As policy-makers seek to enhance resilience by reducing dependence on external suppliers, there are risks that poor countries will lose access to markets that provide vital footholds out of poverty. Coupled with the effects of climate change, the post-COVID-19 trade landscape could become even more challenging for poor countries to navigate. This blog discusses the implications of the COVID-19 crisis in relation to trade within GVCs given the looming climate change crisis, focusing on the following questions: How can resilience within GVCs be enhanced? What can we learn from the current disruption, to enhance the climate resilience of GVCs? What are the implications of the shortening of GVCs for climate change adaptation and mitigation efforts?
Building resilience within GVCs: where do you start?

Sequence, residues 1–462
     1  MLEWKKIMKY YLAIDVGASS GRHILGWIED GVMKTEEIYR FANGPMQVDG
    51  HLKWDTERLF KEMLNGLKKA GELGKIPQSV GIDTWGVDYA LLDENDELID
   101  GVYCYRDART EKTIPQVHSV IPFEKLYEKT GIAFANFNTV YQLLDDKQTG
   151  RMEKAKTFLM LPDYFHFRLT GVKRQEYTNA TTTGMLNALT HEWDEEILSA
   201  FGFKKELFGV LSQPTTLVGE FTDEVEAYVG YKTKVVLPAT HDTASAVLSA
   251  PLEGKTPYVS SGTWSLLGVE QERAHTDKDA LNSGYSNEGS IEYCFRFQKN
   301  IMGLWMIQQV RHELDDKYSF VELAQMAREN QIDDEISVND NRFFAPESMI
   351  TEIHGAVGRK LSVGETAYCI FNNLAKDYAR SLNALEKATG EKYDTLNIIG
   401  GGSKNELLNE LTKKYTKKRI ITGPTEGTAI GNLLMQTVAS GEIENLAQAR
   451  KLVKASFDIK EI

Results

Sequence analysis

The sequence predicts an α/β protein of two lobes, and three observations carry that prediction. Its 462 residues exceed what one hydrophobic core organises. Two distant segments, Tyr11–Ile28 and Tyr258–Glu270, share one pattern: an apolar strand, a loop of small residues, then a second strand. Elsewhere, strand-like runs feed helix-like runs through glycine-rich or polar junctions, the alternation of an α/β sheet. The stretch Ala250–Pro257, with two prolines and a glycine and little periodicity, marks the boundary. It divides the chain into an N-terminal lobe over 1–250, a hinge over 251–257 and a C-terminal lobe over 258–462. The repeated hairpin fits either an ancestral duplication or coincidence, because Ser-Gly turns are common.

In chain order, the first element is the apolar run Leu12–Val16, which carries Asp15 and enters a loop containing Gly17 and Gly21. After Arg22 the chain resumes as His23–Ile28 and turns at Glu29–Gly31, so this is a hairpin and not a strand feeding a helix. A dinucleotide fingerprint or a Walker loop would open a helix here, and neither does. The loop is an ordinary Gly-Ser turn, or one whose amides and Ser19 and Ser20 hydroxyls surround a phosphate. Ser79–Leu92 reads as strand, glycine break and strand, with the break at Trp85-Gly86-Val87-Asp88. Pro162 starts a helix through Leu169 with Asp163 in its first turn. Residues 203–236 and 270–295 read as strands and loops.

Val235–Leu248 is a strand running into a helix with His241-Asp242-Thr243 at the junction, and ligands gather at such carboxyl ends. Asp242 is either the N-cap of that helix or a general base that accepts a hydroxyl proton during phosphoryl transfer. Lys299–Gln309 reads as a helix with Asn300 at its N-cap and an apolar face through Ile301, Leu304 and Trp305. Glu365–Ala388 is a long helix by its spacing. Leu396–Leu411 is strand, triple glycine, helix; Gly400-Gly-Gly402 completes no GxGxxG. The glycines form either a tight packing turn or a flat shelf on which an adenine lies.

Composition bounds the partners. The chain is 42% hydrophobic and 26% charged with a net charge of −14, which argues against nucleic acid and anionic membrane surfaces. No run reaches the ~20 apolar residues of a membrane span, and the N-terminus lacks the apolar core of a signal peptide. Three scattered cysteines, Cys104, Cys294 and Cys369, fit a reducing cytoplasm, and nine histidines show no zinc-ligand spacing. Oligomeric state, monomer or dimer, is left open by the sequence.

Diversification of supply sources requires deeper and wider production networks, including at the regional and domestic levels. Lead firms typically make decisions in this regard based on the nature of the technology involved, the ability to codify information and producer capabilities, as well as on issues such as contract enforcement capacity, comparative costs of production and so on. While some developed countries are seeking to reduce their dependence on a single source country, in view of the implications of COVID-19, developing country suppliers typically struggle with the power dynamics inherent within those GVCs driven by one or a few buyers. What has been alarmingly exposed during this global pandemic is just how fragile these relationships are: some of the poorest countries in the world have been battling with multinational firms to ensure contracts are fulfilled and payment is made for goods produced and already in transit.